I reaffirmed that our goals are aligned and that we want them to be able to maintain fair rents and attract quality tenants. They were pleased with the public input that overwhelmingly supported greater density in our downtown and the desire to solve our parking challenges.
In search of a short-term fix, some want to demonize the landlords by claiming unreasonable rents when they, too, have a hefty tax bill to cover. Some have suggested providing tax rebates or incentives, which risks attracting low rent tenants without solving our fundamental problem, which is a lack of daytime foot traffic.
Thirdly, we’ve taken measures to improve the downtown business climate. For example, we passed an ordinance allowing for microbreweries and, as a result, we will be welcoming Lion’s Roar Brewing Company on the south side this year! We’ve also passed ordinances to allow for rooftop dining, and for liquor sales before noon on Sunday.
Behind the scenes, we’re addressing our process for attracting and welcoming businesses to Westfield as we aspire to become the most business-friendly town in the state.
Lastly, we’ve introduced new events to drive foot traffic, including the wildly successful AddamsFest and Second Sundays. The popular closing of Quimby Street for Sweet Sounds was a boon for many merchants and validated the need for a community gathering space.
And now, we are already seeing an emerging renaissance. Many new businesses, reflecting a more relevant experiential retail and wellness trend, have opened in the last year: Farinolio, Warby Parker, Boxwood Coffee, Acting Out, OsteoStrong, and JAG Physical Therapy, to name a few.
In a shared sign of optimism, many merchants are doubling down on their investment. Spice Bazaar expanded and will open a second restaurant next month; Midtown Authentic recently relocated to a larger downtown location; Fettle & Fare also expanded to meet customer demand; and the owners of Inspiration Roll increased their presence by opening Innovasian Taco, and most recently, Buddha Fish.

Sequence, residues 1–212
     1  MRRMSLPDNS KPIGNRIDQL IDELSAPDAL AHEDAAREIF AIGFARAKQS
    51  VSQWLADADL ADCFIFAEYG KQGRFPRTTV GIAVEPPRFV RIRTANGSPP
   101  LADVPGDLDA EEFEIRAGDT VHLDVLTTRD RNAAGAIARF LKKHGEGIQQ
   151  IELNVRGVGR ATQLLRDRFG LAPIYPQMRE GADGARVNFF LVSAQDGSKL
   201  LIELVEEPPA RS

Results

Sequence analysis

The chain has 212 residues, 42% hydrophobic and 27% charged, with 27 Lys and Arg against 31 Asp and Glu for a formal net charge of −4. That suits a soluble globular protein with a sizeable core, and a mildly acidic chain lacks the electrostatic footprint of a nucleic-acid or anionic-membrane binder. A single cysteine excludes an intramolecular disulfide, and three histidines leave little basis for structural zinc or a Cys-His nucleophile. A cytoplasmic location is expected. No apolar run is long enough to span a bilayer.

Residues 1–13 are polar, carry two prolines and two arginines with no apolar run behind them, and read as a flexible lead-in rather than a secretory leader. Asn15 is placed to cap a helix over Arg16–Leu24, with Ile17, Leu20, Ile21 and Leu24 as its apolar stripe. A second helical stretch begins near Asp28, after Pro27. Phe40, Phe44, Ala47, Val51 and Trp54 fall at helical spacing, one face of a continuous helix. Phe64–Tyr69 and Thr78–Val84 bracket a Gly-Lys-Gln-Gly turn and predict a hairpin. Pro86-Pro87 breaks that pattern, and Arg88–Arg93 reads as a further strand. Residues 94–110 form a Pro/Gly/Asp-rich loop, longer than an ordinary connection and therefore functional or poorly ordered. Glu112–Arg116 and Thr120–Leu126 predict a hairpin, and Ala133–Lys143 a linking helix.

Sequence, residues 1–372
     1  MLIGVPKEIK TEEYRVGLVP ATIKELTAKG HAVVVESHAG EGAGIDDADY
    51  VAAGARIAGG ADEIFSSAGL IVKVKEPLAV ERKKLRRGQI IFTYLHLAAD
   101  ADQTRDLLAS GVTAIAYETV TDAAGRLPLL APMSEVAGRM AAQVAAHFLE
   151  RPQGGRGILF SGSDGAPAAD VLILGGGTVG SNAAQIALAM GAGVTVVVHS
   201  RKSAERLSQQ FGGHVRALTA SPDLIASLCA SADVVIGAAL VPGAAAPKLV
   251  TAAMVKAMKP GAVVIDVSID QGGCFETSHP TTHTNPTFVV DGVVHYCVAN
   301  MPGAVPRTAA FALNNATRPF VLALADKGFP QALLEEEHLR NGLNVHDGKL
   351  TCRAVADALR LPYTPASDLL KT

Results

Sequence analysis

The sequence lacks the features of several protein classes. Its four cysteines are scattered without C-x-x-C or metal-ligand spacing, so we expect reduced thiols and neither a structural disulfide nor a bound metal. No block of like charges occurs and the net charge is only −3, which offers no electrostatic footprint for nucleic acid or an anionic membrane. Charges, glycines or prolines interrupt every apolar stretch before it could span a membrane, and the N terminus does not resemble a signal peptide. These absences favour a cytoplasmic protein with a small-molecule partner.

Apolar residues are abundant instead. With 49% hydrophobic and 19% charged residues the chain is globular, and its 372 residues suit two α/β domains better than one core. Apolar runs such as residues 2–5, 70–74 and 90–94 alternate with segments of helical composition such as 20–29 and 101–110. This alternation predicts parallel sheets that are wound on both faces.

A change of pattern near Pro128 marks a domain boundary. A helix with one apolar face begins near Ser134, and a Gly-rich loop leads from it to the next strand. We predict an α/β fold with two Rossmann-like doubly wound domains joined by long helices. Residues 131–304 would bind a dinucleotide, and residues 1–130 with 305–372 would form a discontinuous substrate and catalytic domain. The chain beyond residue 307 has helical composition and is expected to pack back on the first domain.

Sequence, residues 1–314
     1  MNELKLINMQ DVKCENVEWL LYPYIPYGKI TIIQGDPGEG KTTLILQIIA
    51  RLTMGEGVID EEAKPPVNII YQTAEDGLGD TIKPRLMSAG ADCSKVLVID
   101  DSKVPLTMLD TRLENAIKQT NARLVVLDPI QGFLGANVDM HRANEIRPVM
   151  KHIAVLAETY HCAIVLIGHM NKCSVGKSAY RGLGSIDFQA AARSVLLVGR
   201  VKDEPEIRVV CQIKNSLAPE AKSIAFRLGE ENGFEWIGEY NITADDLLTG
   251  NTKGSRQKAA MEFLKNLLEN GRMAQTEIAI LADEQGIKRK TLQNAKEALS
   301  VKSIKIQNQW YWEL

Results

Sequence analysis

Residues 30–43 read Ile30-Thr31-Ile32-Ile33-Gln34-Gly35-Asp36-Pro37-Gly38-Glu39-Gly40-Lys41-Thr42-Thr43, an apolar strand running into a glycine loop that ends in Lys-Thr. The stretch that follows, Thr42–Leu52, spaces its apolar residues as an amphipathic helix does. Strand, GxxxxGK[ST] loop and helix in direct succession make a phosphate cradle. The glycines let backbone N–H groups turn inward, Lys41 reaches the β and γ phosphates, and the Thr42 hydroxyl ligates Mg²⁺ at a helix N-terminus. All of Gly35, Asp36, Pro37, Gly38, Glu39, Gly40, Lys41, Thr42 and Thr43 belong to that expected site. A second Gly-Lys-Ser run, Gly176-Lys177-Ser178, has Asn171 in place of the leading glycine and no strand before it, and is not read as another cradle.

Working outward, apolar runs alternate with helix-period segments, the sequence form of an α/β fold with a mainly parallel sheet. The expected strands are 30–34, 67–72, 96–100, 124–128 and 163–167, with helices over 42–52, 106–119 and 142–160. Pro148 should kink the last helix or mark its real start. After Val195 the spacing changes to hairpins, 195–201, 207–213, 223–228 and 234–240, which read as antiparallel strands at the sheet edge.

In spite of construction delays, Bare Burger will be opening its doors in the coming months (with a full bar!), and Design Hub located at Elm and Quimby will be hosting its grand opening in a few weeks.
And very critically, the local real estate market has rebounded from the uncertainty of the property tax revaluation, as July home prices were up over 10% from last year.
So, while the downtown vacancies are currently too numerous and a short-term cause for concern, I am confident in our path forward.
I’m also encouraged by the numerous residents that reached out to offer their time, treasure, and talents to support the Rialto. While its closing was unfortunate, its reimagination was inevitable. What better time for us to collectively think about its full potential than while we’re reconsidering the possibilities for the entire downtown?
Rooted in decades of experience in the private sector, I firmly believe that engagement and long-term planning drive the best outcomes, so I will once again ask for your participation and support.
To that end, please attend our public meeting on October 2 at 7 p.m. in Town Hall’s Community Room to hear from H2M, our Master Plan consultant, who will provide an update on our Master Plan Reexamination process and summarize the public feedback to date.
I also encourage you to stay informed about future meetings and Town progress by signing up for my email updates at westfieldnj.gov/townupdates.
Next year, which is Westfield’s 300th anniversary, will be a critical and transformational point in determining the direction of our downtown. Let’s work together to “swing for the fences” and establish a legacy for generations to come.
Thank you for your ongoing support of Westfield’s businesses, and for recognizing that a vibrant downtown benefits us all. #supportlocal
Mayor Shelley Brindle